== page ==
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Newsletter > September 2006 > "UNIVERSITY PRESIDENT SPEAKS FOR FIRST AMENDMENT RIGHTS"
UNIVERSITY PRESIDENT SPEAKS FOR FIRST AMENDMENT RIGHTS
A recent controversy at Northern Kentucky University is worth noting for the statements by the University President, James C. Votruba.
A campus Right to Life organization chose to make its position on abortion known, after going through proper University channels, by placing hundreds of small crosses in an open area on campus.
A campus faculty member, who disagrees with that expression, took it upon herself to invite members in one of her classes to join with her, without any permission to do so, in removing or destroying the crosses.
Northern Kentucky University acted to remove the professor from her classes and placed her on leave from the University because she violated the First Amendment rights of those who placed the crosses to begin with. The faculty member was permitted to retire at the end of the semester.
Those facts are reported here simply as background. The statements by the University President are of relevance to fraternities and other campus organizations that may be required to engage in their own fights to preserve their First Amendment Rights.
President Votruba’s statements offer excellent insight into the nature of a university and its nurturing of such rights. Excerpts from his statement follow:
“One of the important roles that a University must play is to be a forum for debate and analysis concerning the important issues of the day. Often, these issues are surrounded by strident rhetoric and strong emotions, which makes it even more incumbent on the University to create and nurture an intellectual environment in which reason and evidence prevail and where all points of view can be heard….”
“… We are proud that, as a campus, we are not the captive of one ideology or point of view. At their best, universities are not places of comfortable conformity. They are places where ideas collide as students and faculty search for deeper understandings and perspectives.”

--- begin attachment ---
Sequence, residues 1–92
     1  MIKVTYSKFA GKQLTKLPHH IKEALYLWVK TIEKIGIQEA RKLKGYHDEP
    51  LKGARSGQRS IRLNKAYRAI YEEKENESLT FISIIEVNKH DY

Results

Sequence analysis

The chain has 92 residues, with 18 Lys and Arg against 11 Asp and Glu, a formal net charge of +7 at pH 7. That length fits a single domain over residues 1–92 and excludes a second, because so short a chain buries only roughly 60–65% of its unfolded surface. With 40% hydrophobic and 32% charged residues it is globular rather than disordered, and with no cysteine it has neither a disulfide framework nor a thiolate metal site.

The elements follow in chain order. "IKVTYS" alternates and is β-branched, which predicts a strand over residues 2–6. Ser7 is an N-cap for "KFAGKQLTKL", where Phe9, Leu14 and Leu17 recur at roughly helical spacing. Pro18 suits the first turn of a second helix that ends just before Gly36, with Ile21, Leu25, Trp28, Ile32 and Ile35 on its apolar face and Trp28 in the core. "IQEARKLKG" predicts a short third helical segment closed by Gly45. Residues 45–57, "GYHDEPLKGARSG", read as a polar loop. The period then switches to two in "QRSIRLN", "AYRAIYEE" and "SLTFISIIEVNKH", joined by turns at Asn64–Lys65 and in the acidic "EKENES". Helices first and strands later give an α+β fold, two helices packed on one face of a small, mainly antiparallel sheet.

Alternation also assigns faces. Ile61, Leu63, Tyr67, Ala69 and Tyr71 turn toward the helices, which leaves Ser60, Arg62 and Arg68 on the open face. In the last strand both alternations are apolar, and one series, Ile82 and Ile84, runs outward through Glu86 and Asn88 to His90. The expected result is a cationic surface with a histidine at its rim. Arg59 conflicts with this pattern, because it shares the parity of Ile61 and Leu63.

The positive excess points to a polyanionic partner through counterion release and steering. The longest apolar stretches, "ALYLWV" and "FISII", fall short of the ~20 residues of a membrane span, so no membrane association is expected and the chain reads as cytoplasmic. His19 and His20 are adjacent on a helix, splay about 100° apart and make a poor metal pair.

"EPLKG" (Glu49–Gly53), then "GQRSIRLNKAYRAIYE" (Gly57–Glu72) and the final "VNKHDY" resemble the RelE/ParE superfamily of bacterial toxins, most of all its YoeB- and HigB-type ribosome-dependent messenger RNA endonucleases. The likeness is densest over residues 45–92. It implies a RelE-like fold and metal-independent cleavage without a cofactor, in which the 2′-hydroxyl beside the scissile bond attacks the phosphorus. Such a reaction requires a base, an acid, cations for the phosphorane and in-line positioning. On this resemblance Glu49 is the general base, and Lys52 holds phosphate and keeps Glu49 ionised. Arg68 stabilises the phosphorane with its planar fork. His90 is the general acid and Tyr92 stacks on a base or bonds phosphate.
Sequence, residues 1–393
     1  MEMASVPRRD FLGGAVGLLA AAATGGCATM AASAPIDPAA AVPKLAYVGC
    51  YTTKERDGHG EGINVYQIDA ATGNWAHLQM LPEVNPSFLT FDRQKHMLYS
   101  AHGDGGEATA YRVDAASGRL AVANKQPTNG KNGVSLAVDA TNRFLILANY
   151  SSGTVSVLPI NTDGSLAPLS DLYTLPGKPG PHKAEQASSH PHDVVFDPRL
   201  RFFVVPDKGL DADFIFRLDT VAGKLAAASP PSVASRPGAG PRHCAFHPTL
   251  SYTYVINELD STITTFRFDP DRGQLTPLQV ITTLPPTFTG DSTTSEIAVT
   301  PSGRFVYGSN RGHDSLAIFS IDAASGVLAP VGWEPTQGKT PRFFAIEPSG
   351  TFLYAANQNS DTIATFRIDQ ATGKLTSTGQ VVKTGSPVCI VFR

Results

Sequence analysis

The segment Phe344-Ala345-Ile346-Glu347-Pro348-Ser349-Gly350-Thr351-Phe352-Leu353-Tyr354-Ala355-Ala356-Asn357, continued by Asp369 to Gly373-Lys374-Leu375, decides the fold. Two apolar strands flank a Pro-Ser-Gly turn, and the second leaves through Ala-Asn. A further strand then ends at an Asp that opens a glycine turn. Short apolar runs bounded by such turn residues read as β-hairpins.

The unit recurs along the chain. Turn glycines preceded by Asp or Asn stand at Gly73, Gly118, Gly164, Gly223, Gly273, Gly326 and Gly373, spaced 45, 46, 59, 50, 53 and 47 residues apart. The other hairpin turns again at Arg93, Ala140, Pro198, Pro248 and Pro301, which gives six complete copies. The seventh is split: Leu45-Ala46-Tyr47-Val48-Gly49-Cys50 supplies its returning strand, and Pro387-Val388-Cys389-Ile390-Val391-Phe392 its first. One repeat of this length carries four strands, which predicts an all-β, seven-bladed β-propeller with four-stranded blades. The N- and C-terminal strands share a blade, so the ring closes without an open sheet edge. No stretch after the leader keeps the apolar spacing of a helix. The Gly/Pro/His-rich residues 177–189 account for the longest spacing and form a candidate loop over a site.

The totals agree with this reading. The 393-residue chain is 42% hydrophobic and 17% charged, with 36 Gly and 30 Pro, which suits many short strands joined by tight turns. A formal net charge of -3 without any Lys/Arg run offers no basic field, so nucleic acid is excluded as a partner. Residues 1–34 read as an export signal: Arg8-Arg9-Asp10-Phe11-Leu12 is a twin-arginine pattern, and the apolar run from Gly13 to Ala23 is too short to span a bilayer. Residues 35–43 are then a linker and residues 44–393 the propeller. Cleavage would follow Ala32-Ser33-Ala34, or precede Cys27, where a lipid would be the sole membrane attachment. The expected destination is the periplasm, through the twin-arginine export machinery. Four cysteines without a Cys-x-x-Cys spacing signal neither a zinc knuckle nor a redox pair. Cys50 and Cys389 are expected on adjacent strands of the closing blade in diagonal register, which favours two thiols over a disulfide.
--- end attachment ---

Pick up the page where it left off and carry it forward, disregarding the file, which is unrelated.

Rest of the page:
“While the University supports the right to free speech and vigorous debate on public issues, we cannot condone infringement of the rights of others to express themselves in an orderly manner….”
“America is, today, debating a variety of polarizing issues around which people feel great passion. It is not surprising that these strong sentiments find their way onto college campuses. However, our role is to add light to these debates, not more heat. If we don’t serve this role, who will?”1
Fraternities and sororities do, on occasion, find themselves at loggerheads with administrative officials who do not believe in fraternities and sororities and would just as soon regulate them out of existence. Freedom of expression and free speech are grounded in the same constitutional protection of the First Amendment. Even on private college campuses, where constitutional obligations may or may not apply, President Votruba’s comments still are an exceptionally appropriate description of one of the roles of a university.
1 Posted on Northern Kentucky University’s website, April 18, 2006.